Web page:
Tasting History: Shakespeare’s Kitchen, Last Dinner on the Titanic, and Gastroanomalies

18 Nov

Food can be a strong reminder of one’s own past such as Marcel Proust’s madeleine, but it can also go beyond the personal to evoke historic moments in time as well. An amusing British series The Supersizers Go featured restaurant critic, Giles Coren, and comedian, Sue Perkins, eating through time including the Middle Ages, The French Revolution, and Ancient Rome. The title is inspired by the documentary Super Size Me. You can sample some of Sue and Giles’ zany antics on Hulu. Watching them made me want to dip my own spoon in the culinary broth of history and find recipes from the past. These three books all available at the Hoboken Public Library will give you a taste of some sweet and savory flashbacks.

Shakespeare’s Kitchen: Renaissance Recipes for the Contemporary Cook

shakespeares kitchen
Shakespeare’s Kitchen by Francine Segan with color photographs by Tim Turner collects recipes from the Renaissance period. The recipes have been updated for the modern stove top and given in the standard recipe format that we are used to (during the Renaissance ingredient lists, cooking times, and exact measurements were not included). A nice inclusion though is that original recipes are also provided in most cases as well. Additionally, sprinkled throughout are quotes from Shakespeare and historical tidbits. It is interesting to see what ingredients are included and excluded. Prunes and dates are used heavily in savory dishes, but tomatoes are missing. Although several dishes have edible flowers and rosewater featured in them, chocolate and vanilla are not found in a single dessert since they were unknown at the time in Shakespeare’s London. I do not think the majority of the recipes will be making a heavy rotation in most people’s diet today unless they are a heavily committed SCA member, but I would still recommend this book for its interesting historical value and an option for a unique dinner party; the book puts together sample menus, invitations, and decorating ideas for this purpose. Segan has three other cook books available from BCCLS libraries The Philosopher’s Kitchen, Opera Lover’s Cookbook, and Dolci.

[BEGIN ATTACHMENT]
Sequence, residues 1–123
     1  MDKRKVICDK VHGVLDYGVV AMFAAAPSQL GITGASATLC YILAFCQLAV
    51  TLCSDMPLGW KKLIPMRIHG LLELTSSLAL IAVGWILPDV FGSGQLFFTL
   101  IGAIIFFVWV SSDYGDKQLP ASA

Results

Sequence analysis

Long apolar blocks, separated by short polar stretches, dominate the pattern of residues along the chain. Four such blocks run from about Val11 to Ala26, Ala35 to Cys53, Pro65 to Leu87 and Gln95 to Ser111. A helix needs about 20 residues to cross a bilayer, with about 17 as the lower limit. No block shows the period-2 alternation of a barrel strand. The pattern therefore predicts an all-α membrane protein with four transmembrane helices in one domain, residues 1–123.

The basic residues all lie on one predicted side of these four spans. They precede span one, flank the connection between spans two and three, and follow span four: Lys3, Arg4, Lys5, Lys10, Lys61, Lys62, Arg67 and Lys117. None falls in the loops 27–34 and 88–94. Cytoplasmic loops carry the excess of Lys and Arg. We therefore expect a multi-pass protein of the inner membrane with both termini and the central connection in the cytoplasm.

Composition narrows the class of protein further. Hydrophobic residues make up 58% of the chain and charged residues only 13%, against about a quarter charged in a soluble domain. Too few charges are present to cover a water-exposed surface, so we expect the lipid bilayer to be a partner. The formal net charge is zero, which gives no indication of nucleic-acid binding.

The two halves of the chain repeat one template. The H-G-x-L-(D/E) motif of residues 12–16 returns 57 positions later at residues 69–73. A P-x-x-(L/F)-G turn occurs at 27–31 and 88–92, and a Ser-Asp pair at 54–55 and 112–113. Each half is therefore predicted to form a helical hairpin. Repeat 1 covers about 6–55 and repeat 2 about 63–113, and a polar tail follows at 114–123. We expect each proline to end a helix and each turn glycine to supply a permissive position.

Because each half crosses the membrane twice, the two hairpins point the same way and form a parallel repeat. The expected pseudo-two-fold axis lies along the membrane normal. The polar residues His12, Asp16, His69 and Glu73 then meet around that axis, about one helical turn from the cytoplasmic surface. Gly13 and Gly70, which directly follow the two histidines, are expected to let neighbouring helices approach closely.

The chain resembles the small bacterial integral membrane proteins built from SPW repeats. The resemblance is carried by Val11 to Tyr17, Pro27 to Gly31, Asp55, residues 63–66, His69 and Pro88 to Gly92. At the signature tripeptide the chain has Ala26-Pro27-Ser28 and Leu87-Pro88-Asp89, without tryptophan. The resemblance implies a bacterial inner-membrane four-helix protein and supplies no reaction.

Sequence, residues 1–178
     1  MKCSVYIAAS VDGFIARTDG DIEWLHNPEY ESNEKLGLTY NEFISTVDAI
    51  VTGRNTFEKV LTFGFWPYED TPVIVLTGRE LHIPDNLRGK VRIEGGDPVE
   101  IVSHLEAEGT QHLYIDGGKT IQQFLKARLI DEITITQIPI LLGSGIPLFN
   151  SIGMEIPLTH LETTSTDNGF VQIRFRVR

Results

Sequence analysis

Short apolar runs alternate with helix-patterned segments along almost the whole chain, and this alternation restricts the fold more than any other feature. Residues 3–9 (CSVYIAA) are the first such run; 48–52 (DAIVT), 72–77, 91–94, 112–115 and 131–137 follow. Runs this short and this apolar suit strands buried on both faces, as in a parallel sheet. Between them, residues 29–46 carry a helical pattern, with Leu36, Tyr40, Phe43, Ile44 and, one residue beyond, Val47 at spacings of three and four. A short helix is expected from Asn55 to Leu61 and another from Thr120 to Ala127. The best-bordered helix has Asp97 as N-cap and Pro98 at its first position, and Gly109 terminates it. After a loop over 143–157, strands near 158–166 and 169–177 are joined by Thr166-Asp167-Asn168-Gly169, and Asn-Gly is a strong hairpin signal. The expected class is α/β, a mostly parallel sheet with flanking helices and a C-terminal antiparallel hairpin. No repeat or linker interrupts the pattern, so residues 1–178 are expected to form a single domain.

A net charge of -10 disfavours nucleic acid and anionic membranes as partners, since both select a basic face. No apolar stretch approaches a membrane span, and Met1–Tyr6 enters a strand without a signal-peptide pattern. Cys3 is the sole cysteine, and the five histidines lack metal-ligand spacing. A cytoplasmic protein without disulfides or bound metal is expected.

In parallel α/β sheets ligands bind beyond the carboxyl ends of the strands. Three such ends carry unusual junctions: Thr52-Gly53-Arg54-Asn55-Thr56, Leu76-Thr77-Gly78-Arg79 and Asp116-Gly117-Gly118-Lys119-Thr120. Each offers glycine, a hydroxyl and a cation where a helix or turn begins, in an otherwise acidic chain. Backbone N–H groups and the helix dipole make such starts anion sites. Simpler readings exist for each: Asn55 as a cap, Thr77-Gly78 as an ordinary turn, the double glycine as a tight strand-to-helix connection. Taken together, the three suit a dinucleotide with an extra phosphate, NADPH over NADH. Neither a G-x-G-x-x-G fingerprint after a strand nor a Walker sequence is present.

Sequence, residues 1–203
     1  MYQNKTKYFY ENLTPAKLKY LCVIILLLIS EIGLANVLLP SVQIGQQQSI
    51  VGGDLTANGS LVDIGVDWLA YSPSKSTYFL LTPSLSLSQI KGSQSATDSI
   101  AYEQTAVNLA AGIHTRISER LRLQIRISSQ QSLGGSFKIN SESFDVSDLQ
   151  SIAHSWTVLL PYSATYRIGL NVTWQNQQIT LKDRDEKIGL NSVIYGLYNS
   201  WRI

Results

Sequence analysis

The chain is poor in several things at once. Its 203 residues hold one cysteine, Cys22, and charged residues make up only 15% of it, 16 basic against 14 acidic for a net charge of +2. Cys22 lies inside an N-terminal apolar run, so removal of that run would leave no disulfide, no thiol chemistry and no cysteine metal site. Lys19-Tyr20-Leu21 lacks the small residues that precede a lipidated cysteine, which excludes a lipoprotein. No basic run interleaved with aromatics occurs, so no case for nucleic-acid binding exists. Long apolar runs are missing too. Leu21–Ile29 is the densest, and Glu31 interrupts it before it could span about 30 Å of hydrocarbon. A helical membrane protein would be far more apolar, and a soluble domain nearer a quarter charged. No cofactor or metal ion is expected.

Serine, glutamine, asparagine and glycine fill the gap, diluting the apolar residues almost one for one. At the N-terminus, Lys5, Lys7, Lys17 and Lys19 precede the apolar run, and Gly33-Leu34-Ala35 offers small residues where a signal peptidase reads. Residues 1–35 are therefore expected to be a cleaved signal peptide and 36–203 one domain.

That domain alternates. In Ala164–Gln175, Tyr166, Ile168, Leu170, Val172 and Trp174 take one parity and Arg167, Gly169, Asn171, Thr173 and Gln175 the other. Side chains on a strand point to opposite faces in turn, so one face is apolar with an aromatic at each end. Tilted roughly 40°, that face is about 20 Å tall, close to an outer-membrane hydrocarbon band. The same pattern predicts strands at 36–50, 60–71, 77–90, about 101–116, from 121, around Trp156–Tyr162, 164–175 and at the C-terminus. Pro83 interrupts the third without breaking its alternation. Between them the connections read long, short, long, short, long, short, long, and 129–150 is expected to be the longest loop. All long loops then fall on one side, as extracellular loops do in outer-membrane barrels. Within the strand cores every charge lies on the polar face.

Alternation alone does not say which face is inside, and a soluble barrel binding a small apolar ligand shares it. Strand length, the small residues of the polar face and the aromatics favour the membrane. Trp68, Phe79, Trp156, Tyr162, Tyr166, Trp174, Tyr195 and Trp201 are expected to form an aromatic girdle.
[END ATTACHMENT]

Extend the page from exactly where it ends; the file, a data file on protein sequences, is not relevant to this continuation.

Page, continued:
Last Dinner on the Titanic

Last Dinner on the Titanic by Rick Archbold with recipes by Dana McCauley is richly illustrated and a treat for food lovers as well as those with an interest in history’s most famous ship. Several menus from the voyage survived (including two from the tragic evening of April 14, 1912) and dishes are recreated from ones that would have been used at the time in first, second, and third class. The book gives suggestions for everything you would need for throwing a Titanic themed dinner party including music likely to have been played on the ship, fashion suggestions, and even down to the proper way to fold the napkins. Beautiful illustrations and photographs of items and the interiors of the Titanic and her sister ship, the Olympic, are found throughout. Vivid descriptions on what it would have been like dining on the ship and short biographies of some of the passengers (amongst them Hoboken born silent film star and model Dorothy Gibson) that you may want to role play are also included. If you find having a dinner party recreating such a tragic moment in history lachrymose, you could instead use the book to create an Edwardian themed meal; the food is representative of the best of what was available at that time in the UK and America. Several other books Archbold has written or co-written are also available from BCCLS Libraries including two more books about the Titanic: The Discovery of the Titanic and Deep-Sea Explorer: The Story of Robert Ballard, Discoverer of the Titanic.


Gastroanomalies: Questionable Culinary Creations from the Golden Age of American Cookery by James Lieks takes a humorous look back at old ads, recipes, and photographs from the 1950’s, 1960’s, and 1970’s. I was slightly disappointed in the book. Although I found some of Lieks quips about the pictures and other materials funny, some of his humor seemed to me to be channeling his inner ten year old boy and a few I found a bit off putting and crude. I was also somewhat disappointed that there were not more recipes to go with some of the images of food. In some case the reader is left wondering what an item might truly be beyond the lump of food in the grainy photograph. Perhaps, though this is for the best, as someone who once served both a turducken and a piecaken for Thanksgiving, my family and friends may have been saved from some jiggly jello abomination that I found amusing. The book is less well researched than the other two books and I would recommend it more for people who enjoy humorous takes on life than foodies or history buffs. If you enjoy this work, James Lieks also has written The Gallery of Regrettable Food and Mommy Knows Worst which are available from BCCLS Libraries.

-Aimee Harris, Head of Reference

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